1921 Women's Olympiad

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1921 Women's Olympiad
Flag of Monaco.svg
Flag of Monaco
First event1921
Mary Lines
Lucie Bréard
Germaine Delapierre
Frédérique Kussel
Violette Morris

The 1921 Women's Olympiad Olympiades Féminines and Jeux Olympiques Féminins[1] was the first international women's sports event, a 5-day multi-sport event organised by Alice Milliat and held on 24–31 March[2] 1921 in Monte Carlo[3] at the International Sporting Club of Monaco.[4] The tournament was formally called 1er Meeting International d'Education Physique Féminine de Sports Athlétiques.[5] It was the first of three Women's Olympiads or "Monte Carlo Games" held annually at the venue, and the forerunner of the quadrennial Women's World Games, organised in 1922–34 by the International Women's Sports Federation founded by Milliat later in 1921.[6]

Events[edit]

The games were organized by Alice Milliat and Camille Blanc,[1][7] director of the "International Sporting Club de Monaco" as a response to the IOC decision not to include women's events in the 1924 Olympic Games.[8] The games were attended by 100 participants from 5 nations: France, Italy, Switzerland, United Kingdom and Norway (mentioned by several sources, however no Norwegian athletes appear in the result lists).[8][9]

The athletes competed in 10 events: running (60 metres, 250 metres, 800 metres, 4 x 75 metres relay, 4 x 175 metres relay and hurdling 65 metres), high jump, long jump, standing long jump (exhibition only), javelin and shot put.[10] The tournament also held exhibition events in basketball, gymnastics, pushball and rhythmic gymnastics. The tournament was held at the "Tir aux Pigeons" in the gardens of the Monte Carlo Casino.[1]

Team Nation Participants
1  France 58
2  Italy ?
3  Norway ?
4   Switzerland ?
5  United Kingdom 21

Results[edit]

All gold medals went to athletes from France and the United Kingdom, medalists:[11] The basketball tournament was won by Team Great Britain after a win in the final against Team France with 8–7. A special commemorative medal was issued for the participants.[12]

Event Gold Silver Bronze
60 m Mary Lines
 United Kingdom
8.2 Daisy Wright
 United Kingdom
? Hilda Hatt
 United Kingdom
?
250 m Mary Lines
 United Kingdom
36.3 Lucie Bréard
 France
? Suzanne Liébrard
 France
?
800 m Lucie Bréard
 France
2.30,1 Mary Lines
 United Kingdom
2.32,8 Suzanne Porte
 France
2.44,0
4 x 75 m relay GB Team A
 United Kingdom
Hilda Hatt
Alice Cast
Daisy Wright
Mary Lines
? Team Femina Sport
 France
? GB Team B
 United Kingdom
?
4 x 175 m relay
200 meters in the finals
Team Great Britain
 United Kingdom
Mary Lines
Bradley
Hilda Hatt
Alice Cast
1.46,2 Team Femina Sport
 France
Lucie Bréard
Germaine Delapierre
Thérèse Brulé
Suzanne Liébrard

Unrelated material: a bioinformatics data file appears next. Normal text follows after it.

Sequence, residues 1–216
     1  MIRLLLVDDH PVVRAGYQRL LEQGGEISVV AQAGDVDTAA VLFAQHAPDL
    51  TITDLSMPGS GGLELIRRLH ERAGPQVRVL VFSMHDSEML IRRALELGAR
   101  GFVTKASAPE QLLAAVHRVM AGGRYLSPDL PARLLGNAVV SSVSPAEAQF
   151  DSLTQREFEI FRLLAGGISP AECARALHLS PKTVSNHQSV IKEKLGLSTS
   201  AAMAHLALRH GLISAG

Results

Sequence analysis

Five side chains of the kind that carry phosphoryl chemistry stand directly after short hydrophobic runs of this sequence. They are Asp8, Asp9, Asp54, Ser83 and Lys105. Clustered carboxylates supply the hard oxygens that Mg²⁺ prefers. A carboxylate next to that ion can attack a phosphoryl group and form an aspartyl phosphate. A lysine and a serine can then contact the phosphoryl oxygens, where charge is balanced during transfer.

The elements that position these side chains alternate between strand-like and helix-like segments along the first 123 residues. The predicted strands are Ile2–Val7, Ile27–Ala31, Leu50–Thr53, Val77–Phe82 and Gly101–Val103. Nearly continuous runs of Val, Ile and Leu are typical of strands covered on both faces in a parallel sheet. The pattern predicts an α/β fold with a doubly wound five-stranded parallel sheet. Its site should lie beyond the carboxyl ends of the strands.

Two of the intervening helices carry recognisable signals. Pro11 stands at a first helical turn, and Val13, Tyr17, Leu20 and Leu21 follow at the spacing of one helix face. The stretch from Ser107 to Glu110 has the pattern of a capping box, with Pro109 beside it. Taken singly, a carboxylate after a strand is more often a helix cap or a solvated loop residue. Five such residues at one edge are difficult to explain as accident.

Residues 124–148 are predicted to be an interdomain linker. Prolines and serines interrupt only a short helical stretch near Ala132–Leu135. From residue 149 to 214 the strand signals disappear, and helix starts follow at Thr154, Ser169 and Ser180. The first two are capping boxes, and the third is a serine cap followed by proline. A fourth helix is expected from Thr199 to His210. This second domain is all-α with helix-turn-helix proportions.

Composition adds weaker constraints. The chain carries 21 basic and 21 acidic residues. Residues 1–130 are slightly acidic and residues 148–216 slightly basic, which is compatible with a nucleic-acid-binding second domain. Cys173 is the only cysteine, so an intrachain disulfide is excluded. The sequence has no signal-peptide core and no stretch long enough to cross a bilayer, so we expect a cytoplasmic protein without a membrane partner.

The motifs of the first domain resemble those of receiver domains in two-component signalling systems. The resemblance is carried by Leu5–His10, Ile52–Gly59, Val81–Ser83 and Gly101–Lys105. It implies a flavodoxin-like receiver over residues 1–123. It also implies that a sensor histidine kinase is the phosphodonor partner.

? Team FFFSA
 France
Alice Connet
Raymonde Canolle
Antonine Mignon
Paulette de Croze
?
Hurdles Germaine Delapierre
 France
12,6 Suzanne Liébrard
 France
12,8 Thérèse Brulé
 France
13,8
High jump Frédérique Kussel
 France
1.40 Hilda Hatt
 United Kingdom
shared Gold Madeleine Bracquemond
 France
1.35
Long jump Mary Lines
 United Kingdom
4.70 Hilda Hatt
 United Kingdom
4.60 Lucie Bréard
 France
4.52
Javelin, two-handed[nb] Violette Morris
 France
41,53 Francesca Pianzola
  Switzerland
40,17 Carmen Pomiès
 France
33,83
Shot put, two-handed[nb] Violette Morris
 France
16.29 Francesca Pianzola
  Switzerland
14,01 Barbera
  Switzerland
13,98
  • nb Each athlete in the shot put and javelin throw events threw using their right hand, then their left. Their final mark was the total of the best mark with their right-handed throw and the best mark with their left-handed throw.

Legacy[edit]

The tournament was a great success and an important step for Women's sports. The 1922 Women's Olympiad[13] and 1923 Women's Olympiad were held at the same Monaco venue;[14] the 1922 event is sometimes confused with the 1922 Women's World Games held in Paris.[1][8][9] The IAAF unveiled a commemorative plaque at the site of the games in 2008.[1]

References[edit]

  1. ^ a b c d e "Plaque commemorating first Women's Olympics unveiled in Monte Carlo" (Press release). IAAF. 23 November 2008. Retrieved 24 November 2016.
  2. ^ Sources:
  3. ^ Sources:
  4. ^ Sources:
  5. ^ Sources:
  6. ^ Sources:
  7. ^ The Women's Olympic Games. Comité Olympique Monégasque.
  8. ^ a b c Pfister, Gertrude; IOC Medical Commission; International Federation of Sports Medicine (15 April 2008). "Women and the Olympic Games". In Barbara L. Drinkwater. Women in Sport. The Encyclopaedia of Sports Medicine. VIII. Blackwell Science. pp. 5–6. ISBN 9780470756850. Retrieved 24 November 2016.
  9. ^ a b Charlet, Sylvain (3 November 2008). "L'athlétisme féminin". Féchain Athlétique Club (in French). Nordnet. Retrieved 24 November 2016.
  10. ^ "Beatrice Look Papers". University of Greenwich. Retrieved 4 January 2017.
  11. ^ Sources:
  12. ^ "Medailles Sports". Association Numismatique de Monaco. Retrieved 24 November 2016.
  13. ^ "Beatrice Look Papers". University of Greenwich. Retrieved 4 January 2017.
  14. ^ "Le parcours d'obstacles de l'athlétisme féminin". Granville Athletic Club.

External links[edit]